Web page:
BtubA/B are probably not essential for the elongated shape of Prosthecobacter. The shape of all nonspherical bacteria is produced by the actin homologue MreB, which forms spiral filament bundles under the cell membrane (Jones et al., 2001). The genome of Prosthecobacter dejongeii is 95% complete, and three MreB genes have been annotated (Bouzek, H., personal communication). These MreB proteins are probably the primary determinants of the elongated shape. The bacterial tubulins may be providing a supplementary structural role.

Mutational analysis is a powerful approach to study assembly and function, and eukaryotic tubulins have been studied extensively (Reijo et al., 1994; Richards et al., 2000; Anders and Botstein, 2001). However, these studies were limited to determining the phenotype in vivo, because of the difficulty of purifying mutant tubulins from yeast. The discovery of BtubA/B provides the first system for readily preparing mutant tubulins for characterization in vitro.

Materials And Methods

Growth and induction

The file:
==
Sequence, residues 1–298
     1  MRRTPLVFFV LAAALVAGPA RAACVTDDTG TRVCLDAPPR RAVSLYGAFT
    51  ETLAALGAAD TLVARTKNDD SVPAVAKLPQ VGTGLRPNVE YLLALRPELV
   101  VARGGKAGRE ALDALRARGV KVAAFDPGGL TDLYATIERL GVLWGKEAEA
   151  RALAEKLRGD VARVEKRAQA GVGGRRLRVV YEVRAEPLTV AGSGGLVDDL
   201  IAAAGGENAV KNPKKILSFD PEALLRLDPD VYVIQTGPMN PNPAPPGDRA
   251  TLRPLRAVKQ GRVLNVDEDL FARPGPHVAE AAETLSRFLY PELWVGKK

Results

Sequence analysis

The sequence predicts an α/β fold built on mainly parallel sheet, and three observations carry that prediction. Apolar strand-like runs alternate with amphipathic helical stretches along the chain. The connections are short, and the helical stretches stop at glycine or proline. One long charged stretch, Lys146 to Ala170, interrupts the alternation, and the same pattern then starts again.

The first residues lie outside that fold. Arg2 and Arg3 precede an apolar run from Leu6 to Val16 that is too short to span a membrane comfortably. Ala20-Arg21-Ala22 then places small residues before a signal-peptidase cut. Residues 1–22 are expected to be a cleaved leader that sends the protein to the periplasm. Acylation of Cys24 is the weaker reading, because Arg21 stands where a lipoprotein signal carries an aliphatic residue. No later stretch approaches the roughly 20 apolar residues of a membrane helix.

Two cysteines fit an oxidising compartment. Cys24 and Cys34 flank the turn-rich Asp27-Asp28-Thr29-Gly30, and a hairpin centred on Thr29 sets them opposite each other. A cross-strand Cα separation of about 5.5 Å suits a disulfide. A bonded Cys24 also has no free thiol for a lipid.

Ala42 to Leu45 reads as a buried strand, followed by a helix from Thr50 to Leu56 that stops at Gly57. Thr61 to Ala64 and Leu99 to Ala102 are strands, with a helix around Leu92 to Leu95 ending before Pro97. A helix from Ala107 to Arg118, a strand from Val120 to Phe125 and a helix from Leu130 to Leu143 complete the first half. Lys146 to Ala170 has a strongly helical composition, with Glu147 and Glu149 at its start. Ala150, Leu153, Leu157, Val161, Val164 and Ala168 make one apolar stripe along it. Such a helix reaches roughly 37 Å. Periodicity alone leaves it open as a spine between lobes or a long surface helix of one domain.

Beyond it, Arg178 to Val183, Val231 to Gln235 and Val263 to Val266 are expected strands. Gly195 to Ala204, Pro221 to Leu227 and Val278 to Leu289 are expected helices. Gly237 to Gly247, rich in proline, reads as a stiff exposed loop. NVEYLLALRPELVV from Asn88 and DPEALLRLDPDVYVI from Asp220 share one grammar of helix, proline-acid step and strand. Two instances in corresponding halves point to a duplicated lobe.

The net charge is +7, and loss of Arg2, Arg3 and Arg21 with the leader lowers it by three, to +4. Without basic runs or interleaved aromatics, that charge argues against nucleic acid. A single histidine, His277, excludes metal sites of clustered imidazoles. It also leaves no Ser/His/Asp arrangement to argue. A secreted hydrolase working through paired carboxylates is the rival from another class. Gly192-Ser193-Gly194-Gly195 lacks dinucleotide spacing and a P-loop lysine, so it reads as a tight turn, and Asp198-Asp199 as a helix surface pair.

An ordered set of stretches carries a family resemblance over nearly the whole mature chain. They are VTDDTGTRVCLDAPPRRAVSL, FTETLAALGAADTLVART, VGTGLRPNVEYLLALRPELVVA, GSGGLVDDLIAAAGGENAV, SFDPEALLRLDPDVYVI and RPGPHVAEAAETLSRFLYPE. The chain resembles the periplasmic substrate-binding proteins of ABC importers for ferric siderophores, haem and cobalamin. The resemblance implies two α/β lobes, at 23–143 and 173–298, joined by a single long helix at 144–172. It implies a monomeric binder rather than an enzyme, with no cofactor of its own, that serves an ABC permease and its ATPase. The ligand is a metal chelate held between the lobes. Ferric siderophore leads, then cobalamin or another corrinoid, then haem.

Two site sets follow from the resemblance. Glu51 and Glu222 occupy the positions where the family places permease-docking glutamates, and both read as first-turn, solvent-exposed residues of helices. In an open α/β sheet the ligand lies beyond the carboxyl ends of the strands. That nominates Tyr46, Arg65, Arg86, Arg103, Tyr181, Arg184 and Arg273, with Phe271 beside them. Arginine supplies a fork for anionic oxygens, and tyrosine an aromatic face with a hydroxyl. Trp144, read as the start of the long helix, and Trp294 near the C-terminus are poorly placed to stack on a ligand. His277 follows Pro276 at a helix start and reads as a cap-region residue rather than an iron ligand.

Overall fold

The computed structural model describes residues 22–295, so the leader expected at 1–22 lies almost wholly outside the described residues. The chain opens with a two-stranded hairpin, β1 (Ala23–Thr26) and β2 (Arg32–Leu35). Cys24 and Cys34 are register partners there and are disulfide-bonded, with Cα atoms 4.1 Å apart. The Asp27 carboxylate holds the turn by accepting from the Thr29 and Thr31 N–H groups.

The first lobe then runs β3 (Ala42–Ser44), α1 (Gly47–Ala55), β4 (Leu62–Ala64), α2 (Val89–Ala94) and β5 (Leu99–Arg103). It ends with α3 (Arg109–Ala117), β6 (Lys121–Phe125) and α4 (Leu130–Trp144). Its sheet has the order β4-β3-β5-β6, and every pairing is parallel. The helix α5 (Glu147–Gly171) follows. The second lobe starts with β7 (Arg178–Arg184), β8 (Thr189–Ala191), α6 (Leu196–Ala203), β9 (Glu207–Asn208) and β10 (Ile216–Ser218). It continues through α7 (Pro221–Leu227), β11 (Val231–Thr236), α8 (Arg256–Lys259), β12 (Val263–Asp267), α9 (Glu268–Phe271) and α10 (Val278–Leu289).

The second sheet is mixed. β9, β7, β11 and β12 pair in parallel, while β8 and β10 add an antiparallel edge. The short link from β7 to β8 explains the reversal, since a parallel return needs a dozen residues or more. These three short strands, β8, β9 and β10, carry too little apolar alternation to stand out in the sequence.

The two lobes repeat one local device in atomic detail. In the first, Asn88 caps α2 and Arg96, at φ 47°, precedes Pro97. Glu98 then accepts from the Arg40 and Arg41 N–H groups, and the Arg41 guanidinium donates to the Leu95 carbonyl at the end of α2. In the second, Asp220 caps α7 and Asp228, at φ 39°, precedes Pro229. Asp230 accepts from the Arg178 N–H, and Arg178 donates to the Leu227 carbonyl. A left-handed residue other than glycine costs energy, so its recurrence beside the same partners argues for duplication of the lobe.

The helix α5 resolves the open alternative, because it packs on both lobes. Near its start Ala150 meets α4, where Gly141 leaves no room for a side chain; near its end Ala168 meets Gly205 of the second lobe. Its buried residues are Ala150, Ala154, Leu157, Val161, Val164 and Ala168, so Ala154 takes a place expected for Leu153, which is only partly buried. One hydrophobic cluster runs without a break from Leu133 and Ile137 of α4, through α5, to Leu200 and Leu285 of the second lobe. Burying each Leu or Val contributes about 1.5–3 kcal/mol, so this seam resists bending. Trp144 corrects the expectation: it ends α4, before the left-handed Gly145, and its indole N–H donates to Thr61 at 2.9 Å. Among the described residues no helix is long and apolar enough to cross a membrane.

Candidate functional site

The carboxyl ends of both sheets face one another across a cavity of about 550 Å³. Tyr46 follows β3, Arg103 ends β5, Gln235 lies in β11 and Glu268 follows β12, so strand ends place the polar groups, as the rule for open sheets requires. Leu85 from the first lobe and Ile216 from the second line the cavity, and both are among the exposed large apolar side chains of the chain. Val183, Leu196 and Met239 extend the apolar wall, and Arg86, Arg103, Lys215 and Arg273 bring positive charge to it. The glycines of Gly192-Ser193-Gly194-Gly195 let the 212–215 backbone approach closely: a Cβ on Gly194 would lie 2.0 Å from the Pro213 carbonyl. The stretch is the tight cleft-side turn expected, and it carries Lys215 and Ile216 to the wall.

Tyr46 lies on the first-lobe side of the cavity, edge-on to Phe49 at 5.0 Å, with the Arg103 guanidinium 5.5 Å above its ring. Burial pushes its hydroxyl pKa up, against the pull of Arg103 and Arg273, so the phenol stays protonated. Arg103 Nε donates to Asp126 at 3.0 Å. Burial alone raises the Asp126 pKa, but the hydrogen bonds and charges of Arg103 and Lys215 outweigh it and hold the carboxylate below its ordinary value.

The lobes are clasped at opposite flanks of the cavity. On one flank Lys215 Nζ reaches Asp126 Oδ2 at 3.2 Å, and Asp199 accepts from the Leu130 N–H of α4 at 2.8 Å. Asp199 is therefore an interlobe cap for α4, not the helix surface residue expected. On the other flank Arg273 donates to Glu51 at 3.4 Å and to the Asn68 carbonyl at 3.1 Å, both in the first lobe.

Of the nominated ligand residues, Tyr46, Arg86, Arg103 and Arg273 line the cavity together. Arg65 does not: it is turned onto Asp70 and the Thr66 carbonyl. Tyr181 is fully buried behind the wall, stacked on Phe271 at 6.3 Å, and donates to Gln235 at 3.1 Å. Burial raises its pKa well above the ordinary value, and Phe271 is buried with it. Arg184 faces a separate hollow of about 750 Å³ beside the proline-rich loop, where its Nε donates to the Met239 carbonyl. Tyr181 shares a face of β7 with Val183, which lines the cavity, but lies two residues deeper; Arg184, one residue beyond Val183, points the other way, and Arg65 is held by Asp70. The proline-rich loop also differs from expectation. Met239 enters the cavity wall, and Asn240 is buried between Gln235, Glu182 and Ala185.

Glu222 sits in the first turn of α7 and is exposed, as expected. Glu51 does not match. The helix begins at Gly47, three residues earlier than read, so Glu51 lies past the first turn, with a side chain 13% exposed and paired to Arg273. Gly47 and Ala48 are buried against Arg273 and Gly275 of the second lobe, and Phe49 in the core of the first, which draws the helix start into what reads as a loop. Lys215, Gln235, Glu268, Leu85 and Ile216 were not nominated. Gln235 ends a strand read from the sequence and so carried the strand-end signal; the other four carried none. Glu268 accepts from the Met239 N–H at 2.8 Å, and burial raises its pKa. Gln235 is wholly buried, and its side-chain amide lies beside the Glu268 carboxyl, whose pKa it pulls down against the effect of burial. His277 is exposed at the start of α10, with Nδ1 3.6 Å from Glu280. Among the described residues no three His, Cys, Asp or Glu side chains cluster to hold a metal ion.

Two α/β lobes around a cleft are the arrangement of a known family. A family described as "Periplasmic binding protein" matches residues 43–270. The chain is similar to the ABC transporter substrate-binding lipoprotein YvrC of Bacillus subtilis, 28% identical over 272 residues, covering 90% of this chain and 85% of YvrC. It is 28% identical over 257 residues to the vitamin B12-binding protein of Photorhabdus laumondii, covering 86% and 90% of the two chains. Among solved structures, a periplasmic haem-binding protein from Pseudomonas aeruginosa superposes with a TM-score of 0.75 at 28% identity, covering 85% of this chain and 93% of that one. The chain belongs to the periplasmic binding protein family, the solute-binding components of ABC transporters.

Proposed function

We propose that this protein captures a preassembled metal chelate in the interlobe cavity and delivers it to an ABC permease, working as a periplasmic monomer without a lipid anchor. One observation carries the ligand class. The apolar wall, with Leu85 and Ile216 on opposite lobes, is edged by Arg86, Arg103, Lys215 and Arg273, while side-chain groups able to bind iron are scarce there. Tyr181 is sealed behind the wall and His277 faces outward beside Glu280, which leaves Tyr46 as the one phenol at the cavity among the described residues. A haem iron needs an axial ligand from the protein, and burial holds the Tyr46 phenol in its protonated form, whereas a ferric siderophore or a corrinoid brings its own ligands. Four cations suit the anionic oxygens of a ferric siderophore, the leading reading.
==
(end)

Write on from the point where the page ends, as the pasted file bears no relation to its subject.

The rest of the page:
The coding sequences of BtubA and BtubB were put into the pET15 expression vector (Novagen) and expressed as NH2-terminally his-tagged proteins in E. coli strain BL21(DE3). Cultures for both proteins were grown in Luria broth medium (10 g tryptone, 5 g yeast extract, and 10 g NaCl per liter of water) supplemented with 100 μg/ml ampicillin at 37°C to A600 ∼1.0 and induced by adding 1.0 mM IPTG and lowering the temperature to 20°C. After a 3-h induction, bacteria from a 1-liter culture were centrifuged and resuspended in 20 ml of 50 mM Hepes and 300 mM NaCl, pH 7.0 (buffer A). Lysozyme was added to 0.75 mg/ml and mixed at 4°C for 30 min and the culture was frozen overnight at −80°C. The bacteria were thawed and PMSF was added to 1 mM. The bacteria were refrozen and upon thawing 1 mM fresh PMSF was added. Next, DNAaseI was added to 10 μg/ml and MgCl2 to 0.01 M, and the bacteria were sonicated three times for 30 s and a fourth time for 1 min. The sonicated bacteria were mixed on a rotator (Cole-Parmer) at RT for 25 min. Cell walls and insoluble debris were removed by centrifuging at 32,000 rpm for 20 min at 4°C in a rotor (Type 42; Beckman Coulter). The supernatant from the spin was collected and fresh PMSF was added to 2 mM. This protein supernatant was placed over a prepared Talon Metal Affinity column (CLONTECH Laboratories, Inc.). The column was washed with buffer A and then bound protein was eluted with buffer A containing 150 mM imidazole. The fractions containing protein were identified by SDS-PAGE and pooled. Finally, the imidazole was removed by dialysis or equilibration over a resin column (PD-10; Amersham Biosciences) into buffer A. The protein was aliquoted and stored in this buffer at −80°C.